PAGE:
In the monkey, electrophysiological studies have shown that the CN and the SNpr contain several neuronal populations with saccade related activity, most of them being context dependent.19 Some neurons are active before visually guided saccades, but most neurons are active during memory guided saccades, remaining silent or weakly activated in the context of spontaneous or visually guided saccades.7-9 Among these neurons, some are activated immediately before memory guided saccade initiation, and others during the delay.7-9 All of them show a strong preference for contraversive saccades. Furthermore, and by contrast with neurons in the dlPFC, the encoded signal seems to represent the metrics of the forthcoming memory guided saccade rather than visuospatial input.9

A unilateral dopaminergic depletion of the CN, by local injection of 1-methyl-4-phenyl-1–2–3–6-tetrahydropyridine, affects accuracy of visually guided saccades and markedly impairs memory guided saccades.20 Our data are consistent with these results. The bilateral, although predominantly leftward memory guided saccade hypometria, dependent on the duration of the delay, was consistent with the larger right sided CN lesion. The lesser impairment of visually guided saccades probably reflects the relatively fewer number of neurons discharging before visually guided saccades in the body of the CN.9 An impairment in accuracy of memory guided saccades is also seen after lesions of the dlPFC and/or the FEF.5 11 12 However, by contrast with the former11 and similarly to the latter,12 our patient performed normally in the antisaccade task. Moreover, after FEF lesions, latency of all types of voluntary saccades is increased,12 whereas in our patient latencies of visually guided saccades and antisaccades were normal and a selective increase in memory guided saccade latency was found.12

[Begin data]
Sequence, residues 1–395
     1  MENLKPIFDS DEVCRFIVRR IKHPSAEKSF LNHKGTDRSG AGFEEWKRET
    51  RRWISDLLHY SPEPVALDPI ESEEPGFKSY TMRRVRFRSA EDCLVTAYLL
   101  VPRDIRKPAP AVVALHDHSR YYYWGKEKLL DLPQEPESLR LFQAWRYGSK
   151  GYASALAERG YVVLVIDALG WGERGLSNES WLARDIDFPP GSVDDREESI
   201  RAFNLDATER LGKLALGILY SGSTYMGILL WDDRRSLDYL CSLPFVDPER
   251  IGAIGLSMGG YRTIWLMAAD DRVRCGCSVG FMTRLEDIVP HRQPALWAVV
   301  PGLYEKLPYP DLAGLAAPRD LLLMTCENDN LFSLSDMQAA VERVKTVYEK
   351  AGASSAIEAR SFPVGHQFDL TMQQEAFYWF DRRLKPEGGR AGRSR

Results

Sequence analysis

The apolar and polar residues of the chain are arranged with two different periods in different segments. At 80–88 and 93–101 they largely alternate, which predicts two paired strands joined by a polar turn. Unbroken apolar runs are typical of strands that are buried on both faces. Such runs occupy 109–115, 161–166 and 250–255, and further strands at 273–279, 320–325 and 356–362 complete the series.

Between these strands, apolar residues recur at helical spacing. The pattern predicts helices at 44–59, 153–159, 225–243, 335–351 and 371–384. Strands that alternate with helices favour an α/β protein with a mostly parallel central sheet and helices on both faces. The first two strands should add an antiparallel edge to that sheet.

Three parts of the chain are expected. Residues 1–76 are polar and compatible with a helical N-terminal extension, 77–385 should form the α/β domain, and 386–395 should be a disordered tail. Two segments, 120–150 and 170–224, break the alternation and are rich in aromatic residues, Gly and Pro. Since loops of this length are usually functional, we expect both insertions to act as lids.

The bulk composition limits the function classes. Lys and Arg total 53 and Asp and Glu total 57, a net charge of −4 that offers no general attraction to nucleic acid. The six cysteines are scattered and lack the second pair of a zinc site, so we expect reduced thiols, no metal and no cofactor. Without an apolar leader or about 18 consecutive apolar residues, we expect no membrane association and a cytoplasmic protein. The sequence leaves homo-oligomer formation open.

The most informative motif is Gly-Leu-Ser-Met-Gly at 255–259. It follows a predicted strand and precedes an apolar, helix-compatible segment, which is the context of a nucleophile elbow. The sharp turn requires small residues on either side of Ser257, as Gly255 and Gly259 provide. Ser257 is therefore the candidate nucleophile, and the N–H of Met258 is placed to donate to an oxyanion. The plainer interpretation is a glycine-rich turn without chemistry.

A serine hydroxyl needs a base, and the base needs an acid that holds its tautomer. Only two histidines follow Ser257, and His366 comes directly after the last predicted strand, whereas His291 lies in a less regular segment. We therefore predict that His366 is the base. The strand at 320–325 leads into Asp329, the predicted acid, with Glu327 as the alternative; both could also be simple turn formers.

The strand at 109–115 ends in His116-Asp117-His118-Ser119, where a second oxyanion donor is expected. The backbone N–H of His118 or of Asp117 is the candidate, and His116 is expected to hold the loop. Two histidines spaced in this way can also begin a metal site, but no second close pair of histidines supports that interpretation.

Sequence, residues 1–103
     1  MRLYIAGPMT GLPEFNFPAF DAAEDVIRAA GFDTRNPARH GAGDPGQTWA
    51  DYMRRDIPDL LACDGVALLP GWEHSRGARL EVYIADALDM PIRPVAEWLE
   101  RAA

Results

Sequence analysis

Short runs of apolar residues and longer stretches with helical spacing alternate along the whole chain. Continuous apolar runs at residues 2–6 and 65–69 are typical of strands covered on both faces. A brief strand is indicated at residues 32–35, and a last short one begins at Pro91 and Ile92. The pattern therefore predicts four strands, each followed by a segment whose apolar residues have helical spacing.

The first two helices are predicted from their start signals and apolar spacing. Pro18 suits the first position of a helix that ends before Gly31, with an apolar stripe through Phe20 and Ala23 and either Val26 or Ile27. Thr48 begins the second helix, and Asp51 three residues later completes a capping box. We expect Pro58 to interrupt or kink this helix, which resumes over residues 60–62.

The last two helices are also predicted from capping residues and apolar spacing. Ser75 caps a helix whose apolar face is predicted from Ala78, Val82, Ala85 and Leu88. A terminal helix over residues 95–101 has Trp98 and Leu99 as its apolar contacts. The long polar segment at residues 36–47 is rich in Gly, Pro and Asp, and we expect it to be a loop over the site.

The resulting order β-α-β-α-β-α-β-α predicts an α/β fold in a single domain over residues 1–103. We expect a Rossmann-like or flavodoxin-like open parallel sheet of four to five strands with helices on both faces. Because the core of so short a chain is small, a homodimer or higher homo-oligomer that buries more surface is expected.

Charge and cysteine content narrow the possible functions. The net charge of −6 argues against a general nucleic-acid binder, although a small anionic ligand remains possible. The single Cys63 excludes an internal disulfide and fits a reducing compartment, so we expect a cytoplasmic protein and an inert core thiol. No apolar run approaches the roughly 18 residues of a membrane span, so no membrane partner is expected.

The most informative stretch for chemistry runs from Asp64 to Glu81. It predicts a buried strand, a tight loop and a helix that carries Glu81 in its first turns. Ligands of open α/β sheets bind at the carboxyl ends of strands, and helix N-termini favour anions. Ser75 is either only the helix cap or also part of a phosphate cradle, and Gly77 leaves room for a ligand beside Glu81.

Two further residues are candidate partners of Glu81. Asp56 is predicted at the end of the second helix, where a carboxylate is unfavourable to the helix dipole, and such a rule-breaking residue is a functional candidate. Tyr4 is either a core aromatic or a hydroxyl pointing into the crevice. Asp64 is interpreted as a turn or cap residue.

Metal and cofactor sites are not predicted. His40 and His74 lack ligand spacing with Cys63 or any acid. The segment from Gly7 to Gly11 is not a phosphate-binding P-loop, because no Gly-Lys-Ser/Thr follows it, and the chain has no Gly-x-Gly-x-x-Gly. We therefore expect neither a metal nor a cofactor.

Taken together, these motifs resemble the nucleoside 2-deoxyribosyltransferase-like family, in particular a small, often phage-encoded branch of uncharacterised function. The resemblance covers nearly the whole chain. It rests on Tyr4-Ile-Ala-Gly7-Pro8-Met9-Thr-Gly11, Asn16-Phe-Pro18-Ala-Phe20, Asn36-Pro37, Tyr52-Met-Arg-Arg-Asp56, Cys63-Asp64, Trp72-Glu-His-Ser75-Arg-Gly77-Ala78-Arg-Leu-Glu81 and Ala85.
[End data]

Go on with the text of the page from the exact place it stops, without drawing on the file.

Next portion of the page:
In conclusion, the results of our patient together with previously reported experimental findings suggest that the body of the CN belongs to a corticosubcortical network controlling short term spatial memory especially devoted to eye movements.